Covid-19 presented emerging Europe with an opportunity to become a key manufacturing base as firms look to shorten supply chains. So far, it has not made the most of it.
The Covid-19 pandemic has had major economic ramifications throughout the entire world. With some of the globe’s strongest economies among the hardest hit, major flaws in our economic structures have been exposed.
Chinks in the global supply chain became readily apparent as overseas supply shocks had knock-on effects with major consequences – for developed countries in particular.
These factors have prompted much talk about supplier diversification and nearshoring, to increase resilience to such unexpected, unavoidable shocks.
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This presents an opportunity for countries in Central and Eastern Europe. With their proximity to the major European economies, cultural similarities and well-qualified workforces with lower labour costs than their Western European counterparts, the region is well-positioned to benefit from the problems exposed by the pandemic.
Foreign direct investment (FDI) has predictably fallen throughout the world as a result of the pandemic, and manufacturing was particularly badly hit.
In Central and Eastern Europe, FDI inflows in the first half of 2020 declined by 58 per cent – higher than the world average of 49 per cent.
FDI in Central and Eastern Europe has not ground to a complete halt, however. In November 2020, Korean corporation Doosan announced that it would be constructing a second factory near Tatabanya, west of Budapest, in Hungary. Worth over 200 million euros, the project is expected to create an additional 200 jobs and more than double the company’s production of copper foils for electric batteries.
The same month, Shanghai-based Semcorp, another manufacturer of parts for electric vehicle batteries, announced a 180 million euros investment in an industrial park in Debrecen, also in Hungary. The plant will be Semcorp’s first outside China. The 100,000 square metre facility is expected to employ 440 people and is projected to be completed in 2023.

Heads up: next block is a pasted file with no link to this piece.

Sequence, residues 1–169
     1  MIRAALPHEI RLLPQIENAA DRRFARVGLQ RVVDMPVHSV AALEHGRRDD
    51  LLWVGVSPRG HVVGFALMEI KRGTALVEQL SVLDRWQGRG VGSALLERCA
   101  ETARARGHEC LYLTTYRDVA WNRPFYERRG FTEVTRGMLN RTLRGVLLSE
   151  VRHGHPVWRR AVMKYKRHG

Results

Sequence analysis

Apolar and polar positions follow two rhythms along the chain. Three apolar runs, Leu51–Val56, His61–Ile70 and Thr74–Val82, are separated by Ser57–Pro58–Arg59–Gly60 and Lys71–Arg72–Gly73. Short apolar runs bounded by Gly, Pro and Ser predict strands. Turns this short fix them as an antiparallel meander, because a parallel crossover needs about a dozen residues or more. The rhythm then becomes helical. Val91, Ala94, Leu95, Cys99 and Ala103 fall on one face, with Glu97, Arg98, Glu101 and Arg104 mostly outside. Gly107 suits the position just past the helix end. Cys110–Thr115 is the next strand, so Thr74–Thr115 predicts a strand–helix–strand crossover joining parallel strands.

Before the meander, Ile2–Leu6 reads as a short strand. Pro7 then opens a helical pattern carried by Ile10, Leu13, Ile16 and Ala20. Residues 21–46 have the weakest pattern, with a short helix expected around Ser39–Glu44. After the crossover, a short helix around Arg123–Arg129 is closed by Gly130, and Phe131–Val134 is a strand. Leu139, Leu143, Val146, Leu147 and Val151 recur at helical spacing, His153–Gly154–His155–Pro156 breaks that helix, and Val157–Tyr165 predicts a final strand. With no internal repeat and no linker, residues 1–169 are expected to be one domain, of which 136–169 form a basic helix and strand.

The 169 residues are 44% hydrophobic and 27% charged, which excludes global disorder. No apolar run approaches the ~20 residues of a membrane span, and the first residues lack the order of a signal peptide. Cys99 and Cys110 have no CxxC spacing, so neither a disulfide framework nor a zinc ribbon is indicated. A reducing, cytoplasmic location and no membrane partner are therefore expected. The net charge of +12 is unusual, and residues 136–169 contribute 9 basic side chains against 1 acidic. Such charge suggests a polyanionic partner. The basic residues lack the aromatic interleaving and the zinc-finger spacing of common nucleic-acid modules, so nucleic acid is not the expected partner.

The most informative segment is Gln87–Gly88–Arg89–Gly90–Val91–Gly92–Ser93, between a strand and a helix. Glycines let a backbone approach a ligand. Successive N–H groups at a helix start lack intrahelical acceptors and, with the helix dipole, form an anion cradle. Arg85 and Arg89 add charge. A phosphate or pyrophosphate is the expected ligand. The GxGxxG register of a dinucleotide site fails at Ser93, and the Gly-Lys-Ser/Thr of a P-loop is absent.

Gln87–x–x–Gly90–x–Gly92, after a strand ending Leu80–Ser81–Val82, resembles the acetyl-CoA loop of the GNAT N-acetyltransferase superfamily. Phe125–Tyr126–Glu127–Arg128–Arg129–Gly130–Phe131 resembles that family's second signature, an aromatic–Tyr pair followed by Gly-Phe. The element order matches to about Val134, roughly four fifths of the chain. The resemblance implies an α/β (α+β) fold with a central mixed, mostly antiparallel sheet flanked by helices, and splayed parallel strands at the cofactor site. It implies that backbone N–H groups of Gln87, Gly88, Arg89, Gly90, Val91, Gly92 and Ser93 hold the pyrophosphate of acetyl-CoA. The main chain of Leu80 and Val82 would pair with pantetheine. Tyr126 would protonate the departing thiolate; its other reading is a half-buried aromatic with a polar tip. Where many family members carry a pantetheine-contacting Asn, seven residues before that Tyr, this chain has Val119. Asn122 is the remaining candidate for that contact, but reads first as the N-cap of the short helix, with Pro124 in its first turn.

Serbia rolls out the red carpet
On March 7, German automotive parts manufacturer Continental opened a 140 million euros factory in Novi Sad, Serbia, complimenting a research and development centre established in the same city in 2017. Expected to employ at least 500 people, the factory is part of a trend to move supply chains closer to home. The factory is to produce hi-tech parts for cars, such as instrument panels, displays and smart control systems.
According to Sasha Cioringa, general manager of Continental Automotive in Serbia, one factor which made the country an ideal location for the factory was its proximity to the European Union and the well-developed infrastructure connecting the country to the rest of the continent. Furthermore, Cioringa believes that Serbia has ample human capital.
“The working culture is very advanced. People are working really hard here. The worst thing you can do to one [Serbian] guy is to keep him unoccupied.”
Cioringa was also full of praise for the Serbian government for providing a viable environment for the project to take off.
“The government was very supportive and did everything that they promised. Even now, with the factory, they supported us with everything necessary for a smooth start.”
The project was also subsidised by the French government, which provided funds for the hiring of 100 engineers specialising in automated driving. Cioringa believes this is because the kinds of technologies being developed and utilised in the factory are in demand, even in developed countries like France, because of the prevalent belief that this is the future of automotive technology.